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  • Authoritative Witnessing and the Control of Memory:On Jorge Semprun's L'écriture ou la vie
  • Sharon Marquart

Ça n'effraie pas, l'autorité, ça rassure plutôt.

Jorge Semprun

The opening scene of Jorge Semprun's 1994 witnessing narrative L'écriture ou la vie describes in detail the first instance in which the text's main character, "Jorge," is faced with telling people who did not experience Buchenwald about the horrors of camp life.1 It is the day after the camp's liberation by Allied Forces, and the twenty-one year-old Spaniard and member of the French Resistance encounters three terrified officers in British uniforms while he is standing guard outside one of the camp's former SS barracks. Two of the men are British, one of them French, and they all stare wide-eyed at the young survivor, waiting to hear what he has to say.

The passage's narrator carefully scrutinizes the French soldier before Jorge begins to speak. His demeanor is both joyful and fearful; a horrified look in the Frenchman's eyes contrasts starkly with the triumphant way in which he is wearing his French military badges. "Il doit avoir mon âge, quelques années de plus. Je pourrais sympathiser," Semprun narrates (15). Jorge's first words are directly addressed to the Frenchman. "Qu'y a-t-il," Jorge drily and irritatedly asks. "Le silence de la forêt qui vous étonne autant?" The soldier turns his head to look at the trees, and pricks his ears in response to the question. The British soldiers obediently follow his lead. "Non, ce n'est pas le silence," the narrator states. "Ils n'avaient rien remarqué, pas entendu le silence. C'est moi qui les épouvante, rien d'autre, visiblement." Though the [End Page 147] officers probably perceived the survivor's Russian boots and German rifle as "reassuring" signs of authority at the time, the narrator surmises, it must be the look in Jorge's eyes that they find so terrifying. "Plus d'oiseaux," Jorge continues. "La fumée du crématoire les a chassés, dit-on. Jamais d'oiseaux dans cette forêt." The three wide-eyed officers listen attentively, and, the narrator guesses, try to understand Jorge's message. When Jorge further explains that it was the smell of burnt flesh that drove the birds away from the forest—"[l]'odeur de chair brûlée, c'est ça!" he exclaims—, the three already terrified men jump in horror. Though the three soldiers remain in Jorge's presence, they are unable to look at him for the rest of the time he bears witness to his experience of Buchenwald.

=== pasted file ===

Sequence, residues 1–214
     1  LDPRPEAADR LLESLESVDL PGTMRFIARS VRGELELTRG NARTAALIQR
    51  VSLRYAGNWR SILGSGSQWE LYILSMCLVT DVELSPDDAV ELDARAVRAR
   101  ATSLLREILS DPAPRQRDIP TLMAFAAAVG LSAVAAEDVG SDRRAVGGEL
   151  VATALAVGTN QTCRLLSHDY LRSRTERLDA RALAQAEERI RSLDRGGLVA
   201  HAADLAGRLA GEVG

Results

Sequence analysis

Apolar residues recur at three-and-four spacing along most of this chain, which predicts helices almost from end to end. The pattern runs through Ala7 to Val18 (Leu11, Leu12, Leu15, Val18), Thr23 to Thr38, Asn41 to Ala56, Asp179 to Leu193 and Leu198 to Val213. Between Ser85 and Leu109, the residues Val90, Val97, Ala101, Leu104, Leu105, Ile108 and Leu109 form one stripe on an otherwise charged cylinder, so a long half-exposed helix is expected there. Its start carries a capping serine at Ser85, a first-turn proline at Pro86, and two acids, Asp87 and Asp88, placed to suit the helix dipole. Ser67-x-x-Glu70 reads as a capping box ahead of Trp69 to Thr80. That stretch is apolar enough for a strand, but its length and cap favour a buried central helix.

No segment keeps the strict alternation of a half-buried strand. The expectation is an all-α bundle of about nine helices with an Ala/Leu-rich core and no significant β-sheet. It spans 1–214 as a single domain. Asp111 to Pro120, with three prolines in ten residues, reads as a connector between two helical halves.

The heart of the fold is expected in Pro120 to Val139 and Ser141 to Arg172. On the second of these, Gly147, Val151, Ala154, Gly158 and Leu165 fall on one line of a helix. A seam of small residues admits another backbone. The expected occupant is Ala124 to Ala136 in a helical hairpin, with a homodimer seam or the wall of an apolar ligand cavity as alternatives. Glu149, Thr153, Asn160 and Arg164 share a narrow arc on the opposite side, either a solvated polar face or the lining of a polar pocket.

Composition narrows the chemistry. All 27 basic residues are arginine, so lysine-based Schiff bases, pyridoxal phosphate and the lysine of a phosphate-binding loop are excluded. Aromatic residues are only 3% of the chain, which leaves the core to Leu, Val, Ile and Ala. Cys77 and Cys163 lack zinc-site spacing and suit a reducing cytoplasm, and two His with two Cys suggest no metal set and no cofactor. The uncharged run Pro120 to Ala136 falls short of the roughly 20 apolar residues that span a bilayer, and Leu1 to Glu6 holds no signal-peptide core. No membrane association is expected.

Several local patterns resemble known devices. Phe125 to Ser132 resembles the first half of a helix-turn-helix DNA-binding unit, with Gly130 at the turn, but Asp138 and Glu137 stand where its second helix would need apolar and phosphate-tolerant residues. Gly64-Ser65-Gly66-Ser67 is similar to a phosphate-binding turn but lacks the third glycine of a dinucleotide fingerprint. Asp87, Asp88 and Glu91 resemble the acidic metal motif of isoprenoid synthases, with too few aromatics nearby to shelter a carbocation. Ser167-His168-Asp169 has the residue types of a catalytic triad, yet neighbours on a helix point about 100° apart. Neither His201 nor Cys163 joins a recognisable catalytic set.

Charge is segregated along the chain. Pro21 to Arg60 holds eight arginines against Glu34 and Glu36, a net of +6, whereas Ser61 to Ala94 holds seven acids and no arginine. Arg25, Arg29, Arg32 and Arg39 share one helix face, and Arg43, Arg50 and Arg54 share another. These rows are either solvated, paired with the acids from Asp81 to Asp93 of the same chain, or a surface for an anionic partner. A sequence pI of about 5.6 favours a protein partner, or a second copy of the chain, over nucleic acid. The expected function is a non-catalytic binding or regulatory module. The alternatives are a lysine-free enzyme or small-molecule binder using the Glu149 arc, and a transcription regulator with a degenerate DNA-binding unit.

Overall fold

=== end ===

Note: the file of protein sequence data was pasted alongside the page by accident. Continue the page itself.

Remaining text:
Witnessing narratives, whether oral or written, play crucial roles in transmitting the horrors of atrocity to those who are fortunate enough not to have experienced them. Much scholarship on survivor testimonies has focused on the challenging task with which readers and listeners are faced when they engage witnesses and their terrifying texts. In their landmark work on the genre, Testimony, Shoshana Felman and Dori Laub suggest that those who listen to or read narratives about "extreme human pain" and "massive psychic trauma" embark on "a journey fraught with dangers" because, through the act of listening to or reading the words of survivors, people can come to experience trauma themselves (57, 72). Felman and Laub define witnessing as a performative speech act that involves an "intimate bond" between a speaker and a listener, and say that the role of the listener in this relation is to be a "blank screen on which a traumatic event comes to be inscribed" (57). But, because "[t]here is so much destruction recounted, so much death, so much loss, so much hopelessness" in survivor narratives (72), they suggest that readers and listeners frequently experience "a need, an urgency to pull back, to withdraw to a safer place," one in which they can protect themselves and "maintain a sense of safety in the face of trauma" (73).

The opening passage of L'écriture ou la vie points to a different kind of relation between witnesses and their listeners that I consider to be a mise-en-abyme of the...


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